Brain Plasticity and Alzheimer’s Disease

(Society for Neuroscience) The discovery that the human brain can produce new cells in adulthood offers just one example of how adaptable the brain is throughout life. With this knowledge, researchers are investigating how normal aging as well as neurodegenerative diseases like Alzheimer’s disease affect that adaptability, and how we can maintain healthy brain function as our brains age. Future research may one day allow scientists to capture the adult brain’s enormous capacity to adapt in order to help prevent or perhaps even reverse memory-robbing Alzheimer’s disease.

The Discovery: The Brain is Adaptable Throughout Life

When scientists discovered that the brain could create new brain cells in adulthood, they introduced a new way of thinking that could one day help treat or delay onset of Alzheimer’s disease (AD). AD is the most common form of cognitive dementia, the loss of higher mental functions like memory.

The image shows the addition of new neurons in the adult  mouse hippocampus — the brain region involved in learning and memory. This birth of  new cells is a major finding in showing how adaptable the brain is, even in adulthood. (Brain cells labeled blue-green are eight weeks old, while cells labeled red are at most four  weeks old.) Credit: Reprinted with permission from Gage, F. and Zhao, C. Laboratory of  Genetics LOG-G; The Salk Institute for Biological Studies. 2007.

New Discovery, New Belief

Researchers in the 1960s were curious to understand more about growth and repair in the adult brain, and conducted a number of experiments with rodents to help illuminate these processes. They made an amazing and unexpected discovery: newly created cells that later transformed into what appeared to be neurons, or brain cells.

The discovery was not initially recognized for the breakthrough it was because most experts thought that the brain finished developing and changing early in life and did not produce more neurons. Additionally, scientists faced the challenge of proving that the newly created cells were neurons.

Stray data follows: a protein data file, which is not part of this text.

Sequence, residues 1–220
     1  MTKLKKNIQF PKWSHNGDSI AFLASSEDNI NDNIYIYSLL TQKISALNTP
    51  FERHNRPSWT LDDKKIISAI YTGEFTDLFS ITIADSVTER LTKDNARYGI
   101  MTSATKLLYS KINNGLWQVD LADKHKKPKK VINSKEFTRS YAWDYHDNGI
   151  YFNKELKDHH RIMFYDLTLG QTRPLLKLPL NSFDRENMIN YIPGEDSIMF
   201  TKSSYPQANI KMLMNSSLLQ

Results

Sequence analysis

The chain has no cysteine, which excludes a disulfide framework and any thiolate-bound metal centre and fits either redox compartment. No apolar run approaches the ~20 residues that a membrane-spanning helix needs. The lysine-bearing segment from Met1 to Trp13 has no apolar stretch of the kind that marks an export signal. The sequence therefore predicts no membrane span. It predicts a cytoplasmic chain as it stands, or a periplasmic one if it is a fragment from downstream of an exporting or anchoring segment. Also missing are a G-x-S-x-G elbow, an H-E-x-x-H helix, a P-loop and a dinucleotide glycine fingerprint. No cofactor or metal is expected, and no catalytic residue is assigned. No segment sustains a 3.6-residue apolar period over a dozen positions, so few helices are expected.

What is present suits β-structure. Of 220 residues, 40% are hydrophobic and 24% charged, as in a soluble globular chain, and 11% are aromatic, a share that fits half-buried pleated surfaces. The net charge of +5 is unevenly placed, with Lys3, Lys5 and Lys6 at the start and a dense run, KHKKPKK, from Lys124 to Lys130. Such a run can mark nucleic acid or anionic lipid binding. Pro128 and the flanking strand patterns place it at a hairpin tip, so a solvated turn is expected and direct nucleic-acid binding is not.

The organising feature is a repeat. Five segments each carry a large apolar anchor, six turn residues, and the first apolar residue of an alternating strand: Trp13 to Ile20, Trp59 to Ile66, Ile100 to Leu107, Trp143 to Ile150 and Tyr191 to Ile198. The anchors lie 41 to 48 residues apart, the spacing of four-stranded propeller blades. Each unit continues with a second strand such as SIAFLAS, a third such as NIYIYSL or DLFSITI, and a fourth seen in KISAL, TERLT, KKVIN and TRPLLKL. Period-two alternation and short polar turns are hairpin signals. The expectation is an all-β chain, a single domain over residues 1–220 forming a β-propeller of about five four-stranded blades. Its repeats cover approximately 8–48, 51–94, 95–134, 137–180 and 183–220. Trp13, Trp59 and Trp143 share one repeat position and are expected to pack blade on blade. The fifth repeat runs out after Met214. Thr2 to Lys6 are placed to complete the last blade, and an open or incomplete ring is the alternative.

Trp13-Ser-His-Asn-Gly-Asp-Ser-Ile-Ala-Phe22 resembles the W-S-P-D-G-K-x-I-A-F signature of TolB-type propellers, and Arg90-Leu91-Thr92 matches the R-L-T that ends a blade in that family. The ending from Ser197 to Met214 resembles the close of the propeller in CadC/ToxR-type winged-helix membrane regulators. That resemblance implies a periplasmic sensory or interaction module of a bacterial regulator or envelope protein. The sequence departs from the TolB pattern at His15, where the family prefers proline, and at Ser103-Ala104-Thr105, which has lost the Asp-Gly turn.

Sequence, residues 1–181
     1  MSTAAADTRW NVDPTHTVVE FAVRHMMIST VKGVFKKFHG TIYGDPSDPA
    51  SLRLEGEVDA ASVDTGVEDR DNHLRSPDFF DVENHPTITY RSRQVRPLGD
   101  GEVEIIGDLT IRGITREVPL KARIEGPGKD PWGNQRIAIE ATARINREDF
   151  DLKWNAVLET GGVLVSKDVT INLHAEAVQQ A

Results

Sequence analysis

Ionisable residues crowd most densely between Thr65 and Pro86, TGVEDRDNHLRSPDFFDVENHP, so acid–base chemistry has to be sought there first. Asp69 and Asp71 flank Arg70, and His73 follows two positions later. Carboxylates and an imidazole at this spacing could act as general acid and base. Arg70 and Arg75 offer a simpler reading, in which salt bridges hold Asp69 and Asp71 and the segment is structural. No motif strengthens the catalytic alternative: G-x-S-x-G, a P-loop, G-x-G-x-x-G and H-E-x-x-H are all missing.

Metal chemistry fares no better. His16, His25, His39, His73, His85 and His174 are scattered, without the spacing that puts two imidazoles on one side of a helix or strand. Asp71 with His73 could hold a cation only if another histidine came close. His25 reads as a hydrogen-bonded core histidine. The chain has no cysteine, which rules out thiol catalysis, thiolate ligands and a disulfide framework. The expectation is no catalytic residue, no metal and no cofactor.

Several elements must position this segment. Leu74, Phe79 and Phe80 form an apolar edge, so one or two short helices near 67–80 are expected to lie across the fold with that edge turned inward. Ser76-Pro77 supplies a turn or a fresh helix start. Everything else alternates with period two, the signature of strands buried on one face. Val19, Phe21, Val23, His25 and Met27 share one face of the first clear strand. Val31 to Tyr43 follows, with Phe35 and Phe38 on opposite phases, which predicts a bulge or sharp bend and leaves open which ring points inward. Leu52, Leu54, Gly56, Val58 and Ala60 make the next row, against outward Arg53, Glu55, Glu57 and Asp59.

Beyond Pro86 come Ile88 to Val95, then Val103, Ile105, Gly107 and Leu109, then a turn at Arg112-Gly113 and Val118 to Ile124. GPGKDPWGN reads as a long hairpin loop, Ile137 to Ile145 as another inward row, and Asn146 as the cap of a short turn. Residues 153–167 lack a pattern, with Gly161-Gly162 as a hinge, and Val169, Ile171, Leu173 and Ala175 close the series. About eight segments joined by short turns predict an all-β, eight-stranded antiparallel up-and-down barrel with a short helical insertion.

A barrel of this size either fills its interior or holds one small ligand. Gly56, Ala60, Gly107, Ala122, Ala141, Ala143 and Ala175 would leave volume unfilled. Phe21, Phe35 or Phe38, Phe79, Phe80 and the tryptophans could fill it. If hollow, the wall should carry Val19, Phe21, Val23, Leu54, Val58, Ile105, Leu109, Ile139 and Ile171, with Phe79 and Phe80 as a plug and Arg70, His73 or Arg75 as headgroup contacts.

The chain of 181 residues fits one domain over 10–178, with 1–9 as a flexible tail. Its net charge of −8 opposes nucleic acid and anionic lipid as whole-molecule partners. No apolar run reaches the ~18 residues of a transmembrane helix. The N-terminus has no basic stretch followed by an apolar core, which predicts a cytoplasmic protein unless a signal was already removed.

Further advances came from explorations of learning conducted by researchers lured by birdsong. Years after the initial discoveries, advanced brain imaging techniques helped establish the existence, in adult canaries, of these precursor cells, or stem cells, that reproduced, migrated to other brain areas, and matured into neurons. This process, called neurogenesis, is just one example of how plastic or adaptable the brain is.

Human Discoveries

Further research has proved that the brains of adult humans also undergo neurogenesis, revealing the plasticity of the brain throughout our lives. Scientists located adult human neurogenesis sites in the dentate gyrus of the hippocampus — the brain region involved in learning and memory — and the subventricular zone in the region where fluid that helps protect the brain and spinal cord is made.

Indeed, scientists worldwide, working in many different specialties, have found that the human brain is highly plastic, possessing the ability not only to create new neurons, but to modify networks of neurons to better cope with new circumstances.

These collective discoveries may pave the way for further understanding of how old age and conditions like AD affect plasticity, and may help researchers find ways to preserve it.

New Application: Enhancing the Brain’s Plasticity

Once scientists realized the adult brain’s enormous capacity for plasticity, they could study the effects of aging and Alzheimer’s disease on that capability and explore ways to maintain healthy brain function.

Left: These three-dimensional projections of brain positron emission tomography scans (outer brain surface) show amyloid plaques and tau tangles labeled by a chemical marker — the first developed to tag physical evidence of Alzheimer’s disease (AD) in living people. The control image is from an older person without AD. Warmer colors (red, yellow)indicate higher levels of plaques and tangles. Credit: Reprinted from Lancet Neurology, 7, G. Small et al., Current and future uses of neuroimaging for cognitively impaired patients, 161–72, © (2008), with permission from Elsevier.

Right: This figure shows the effects of exercise on levels of brain-derived neurotrophic factor (BDNF) in the hippocampus of rats. Growth factors like BDNF help many neurons survive. Levels of the message that makes BDNF are much higher in exercising rats(A) than in sedentary animals (B). Red and yellow denote the highest level of BDNF, while green and blue denote the lowest. Credit: Alzheimer’s Disease Education and Referral Center, a service of the National Institute on Aging.